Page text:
Entries in tokyo (4)


Darkened Tokyo

If you have lived here (Tokyo) for any amount of time, you will have noticed that once te sun goes down, the darkened world takes over Tokyo in a very strange sense.  While there are many street-lights that help fill the roadways, side-streets and even a few alleys with an incandescent hughe, you will also notice that there are quite a few more side-streets that are not lit than lit.  This may be an old power saving method, it could be due to the hassle of installing extra lights or it could also be in part due to the safety of the country.

Unlike back home in Canada where a dark street can be nerve-wracking to walk down for even someone experienced in fighting, the dark alleys of Tokyo are rarely anything to fear for anyone other than little children who still worry about the boogy man.  While it is true that there are certainly some areas of Tokyo that are more prone to crime than others, it is very rare to find an actual mugger, violent gang or even a person willing on picking a fight with you.


Japan... country of low crime.



While the last couple of updates have given a basic idea of what is going on now, it should be noted that the trip getting from my old work-place to my apartment in Asakusa, Tokyo took a little longer than expected. What usually is a 2.5 hour bus-to-train-to-bus ride took nearly 30 hours door to door. A cramped car with little provisions (most had been sold to the locals in the minutes following the first quake) and a 45km trip home proved quite a trial unto itself.


One of the main reasons it was such as task is because of the quake, the expressways were shut down which required us to crawl along the pavement of side-streets which were packed with thousands and thousands of cars. It was near grid-lock for 40km until in the early morning when one of the expressways finally opened up.  Some may say that they felt the quake and it wasn't very strong, however it should be noted that it was strong enough to bend the top of the Tokyo Tower.






The Following Days

In the days that came shortly after the earthquake, nobody was quite sure just what to say or do.  It seemed as though very few people would want to speak about the earthquake and tsunami other than to let their friends and co-workers know that "Don't worry, my friends and family are safe."  Nobody can be blamed for such actions either as the Japanese culture internalizes stress and problems as compared to those in North America who release their stress through (in some cases) fighting, drinking and various outer mental issues.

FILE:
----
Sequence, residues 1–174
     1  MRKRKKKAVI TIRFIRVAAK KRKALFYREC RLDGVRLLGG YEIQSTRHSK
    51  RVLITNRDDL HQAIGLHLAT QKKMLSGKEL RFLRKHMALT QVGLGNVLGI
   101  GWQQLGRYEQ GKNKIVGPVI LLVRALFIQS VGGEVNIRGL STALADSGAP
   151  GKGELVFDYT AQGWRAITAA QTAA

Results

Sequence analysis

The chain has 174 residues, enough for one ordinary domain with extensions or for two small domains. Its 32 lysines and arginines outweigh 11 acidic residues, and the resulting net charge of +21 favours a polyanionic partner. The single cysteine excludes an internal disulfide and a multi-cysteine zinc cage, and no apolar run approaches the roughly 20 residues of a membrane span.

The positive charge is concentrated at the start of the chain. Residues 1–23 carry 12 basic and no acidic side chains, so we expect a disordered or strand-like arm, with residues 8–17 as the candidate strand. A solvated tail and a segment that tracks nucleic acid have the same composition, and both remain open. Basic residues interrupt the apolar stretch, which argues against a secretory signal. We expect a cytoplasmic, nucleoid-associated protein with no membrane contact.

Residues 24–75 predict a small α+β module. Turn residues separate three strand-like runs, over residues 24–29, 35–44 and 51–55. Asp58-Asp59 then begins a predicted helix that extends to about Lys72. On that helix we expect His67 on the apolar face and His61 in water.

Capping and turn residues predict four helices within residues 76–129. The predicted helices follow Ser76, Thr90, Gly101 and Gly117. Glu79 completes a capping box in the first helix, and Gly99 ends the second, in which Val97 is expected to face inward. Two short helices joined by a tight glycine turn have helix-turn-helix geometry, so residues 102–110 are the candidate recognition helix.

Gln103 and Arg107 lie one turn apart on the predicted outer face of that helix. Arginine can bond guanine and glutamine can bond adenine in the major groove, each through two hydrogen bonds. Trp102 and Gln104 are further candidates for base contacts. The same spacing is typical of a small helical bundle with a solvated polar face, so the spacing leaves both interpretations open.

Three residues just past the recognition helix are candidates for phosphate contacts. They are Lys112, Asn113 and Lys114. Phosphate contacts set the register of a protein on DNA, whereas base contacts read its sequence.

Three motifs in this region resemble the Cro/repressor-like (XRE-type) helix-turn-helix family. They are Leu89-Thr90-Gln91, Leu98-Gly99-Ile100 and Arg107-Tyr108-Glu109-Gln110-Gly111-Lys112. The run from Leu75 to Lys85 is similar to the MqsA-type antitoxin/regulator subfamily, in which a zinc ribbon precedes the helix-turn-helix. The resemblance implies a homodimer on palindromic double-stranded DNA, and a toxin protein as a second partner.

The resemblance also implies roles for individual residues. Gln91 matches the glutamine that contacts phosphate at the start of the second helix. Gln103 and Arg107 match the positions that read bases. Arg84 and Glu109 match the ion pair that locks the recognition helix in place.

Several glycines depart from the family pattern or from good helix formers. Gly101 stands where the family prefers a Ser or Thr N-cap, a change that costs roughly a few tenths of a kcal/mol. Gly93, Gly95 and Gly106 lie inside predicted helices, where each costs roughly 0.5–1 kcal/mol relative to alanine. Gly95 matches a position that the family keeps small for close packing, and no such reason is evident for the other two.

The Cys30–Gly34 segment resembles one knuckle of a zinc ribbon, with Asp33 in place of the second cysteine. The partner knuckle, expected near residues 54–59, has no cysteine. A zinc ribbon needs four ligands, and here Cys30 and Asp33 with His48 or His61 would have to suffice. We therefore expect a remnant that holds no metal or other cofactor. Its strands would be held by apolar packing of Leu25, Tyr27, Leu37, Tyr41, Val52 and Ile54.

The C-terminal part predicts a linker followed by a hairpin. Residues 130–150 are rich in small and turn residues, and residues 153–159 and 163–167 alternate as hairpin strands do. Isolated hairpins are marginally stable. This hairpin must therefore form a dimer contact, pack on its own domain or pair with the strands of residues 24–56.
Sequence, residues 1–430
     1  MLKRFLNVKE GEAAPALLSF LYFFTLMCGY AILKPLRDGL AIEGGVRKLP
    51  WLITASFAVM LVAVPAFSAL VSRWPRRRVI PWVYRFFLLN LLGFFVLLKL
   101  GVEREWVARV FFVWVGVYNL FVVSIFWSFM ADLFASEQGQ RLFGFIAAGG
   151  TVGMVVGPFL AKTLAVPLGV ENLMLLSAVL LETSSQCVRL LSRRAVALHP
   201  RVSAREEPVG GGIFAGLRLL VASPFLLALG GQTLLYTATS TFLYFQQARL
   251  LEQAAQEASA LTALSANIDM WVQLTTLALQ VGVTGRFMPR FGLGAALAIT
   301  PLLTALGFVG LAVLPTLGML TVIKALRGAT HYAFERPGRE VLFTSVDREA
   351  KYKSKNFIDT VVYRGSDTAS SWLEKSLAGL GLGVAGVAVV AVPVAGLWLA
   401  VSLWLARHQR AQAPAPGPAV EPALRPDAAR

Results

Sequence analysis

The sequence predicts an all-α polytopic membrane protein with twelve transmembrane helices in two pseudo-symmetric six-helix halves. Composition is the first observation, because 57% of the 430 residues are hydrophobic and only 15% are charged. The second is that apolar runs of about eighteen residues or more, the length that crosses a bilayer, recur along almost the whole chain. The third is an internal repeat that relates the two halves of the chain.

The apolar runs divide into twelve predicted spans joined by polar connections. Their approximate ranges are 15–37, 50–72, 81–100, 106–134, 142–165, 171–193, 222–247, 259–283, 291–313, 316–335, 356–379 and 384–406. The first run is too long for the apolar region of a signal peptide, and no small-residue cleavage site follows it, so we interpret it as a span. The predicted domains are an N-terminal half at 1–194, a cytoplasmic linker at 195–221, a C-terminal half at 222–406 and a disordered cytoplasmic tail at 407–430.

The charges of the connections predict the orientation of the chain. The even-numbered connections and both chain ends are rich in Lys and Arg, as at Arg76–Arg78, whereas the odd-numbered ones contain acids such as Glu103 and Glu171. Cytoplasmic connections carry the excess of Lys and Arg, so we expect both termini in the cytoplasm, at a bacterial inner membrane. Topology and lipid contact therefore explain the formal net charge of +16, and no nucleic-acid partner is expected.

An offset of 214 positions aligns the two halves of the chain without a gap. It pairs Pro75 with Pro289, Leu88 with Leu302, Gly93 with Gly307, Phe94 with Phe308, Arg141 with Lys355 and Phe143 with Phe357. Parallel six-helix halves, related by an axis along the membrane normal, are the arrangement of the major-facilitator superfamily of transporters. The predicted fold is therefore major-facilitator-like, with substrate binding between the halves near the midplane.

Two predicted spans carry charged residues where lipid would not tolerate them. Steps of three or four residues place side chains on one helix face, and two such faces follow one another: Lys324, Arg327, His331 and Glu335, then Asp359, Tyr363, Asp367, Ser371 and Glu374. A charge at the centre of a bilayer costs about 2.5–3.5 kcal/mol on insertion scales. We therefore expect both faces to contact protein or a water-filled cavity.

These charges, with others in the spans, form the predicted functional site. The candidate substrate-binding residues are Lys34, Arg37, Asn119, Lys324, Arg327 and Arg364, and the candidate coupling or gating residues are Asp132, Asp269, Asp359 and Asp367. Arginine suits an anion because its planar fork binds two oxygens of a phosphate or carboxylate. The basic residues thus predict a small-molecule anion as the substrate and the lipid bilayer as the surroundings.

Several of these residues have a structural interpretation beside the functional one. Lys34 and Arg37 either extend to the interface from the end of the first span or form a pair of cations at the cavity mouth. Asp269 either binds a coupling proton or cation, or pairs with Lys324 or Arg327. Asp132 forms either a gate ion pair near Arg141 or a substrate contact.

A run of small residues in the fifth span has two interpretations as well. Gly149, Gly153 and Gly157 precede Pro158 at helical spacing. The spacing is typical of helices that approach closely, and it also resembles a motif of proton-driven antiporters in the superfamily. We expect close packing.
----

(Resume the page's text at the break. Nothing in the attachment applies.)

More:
I would like to bring to you some TV screen-grabs I produced from AsahiTV, FujiTV and NHK TV News station.


Also, please pardon the mis-alligning of the images that I have posted up.  I am still getting used to this new blog format.





At Long Last

Things are finally starting to pick up, not only offline but online as well.  As you can probably see by now, we have our galleries up and running and are in full swing uploading new works and showing some of our past events and projects.  Do keep in mind that these are somewhat 'rough' around the edges and that we are trying our best to keep up with the demand for new images while at the same time keeping the studio here in Asakusa/Ueno up and going.

我々は最近、非常に忙しいになっている.  新しいギャラリーがオンラインになっている、我々は古いものと新しい仕事の毎日より多くの写真をアップロードしている。 上野、浅草での撮影スタジオは、今のところ利用可能な夜間や週末です。これは、4月から24時間になります。


What does the future hold?  For the time being, Pozland Photography Studio Tokyo will be offering services to private individuals, small groups (up to 5 at a time in studio) and on site at various locations around Tokyo, Chiba, Yokohama (Kanagawa) and Saitama.  For now, hold onto your seats!  New pricing has also been announced at the last TIP (Tokyo Industrial Photographers Assoc.) meeting to meet the competition head on.  Be on the lookout!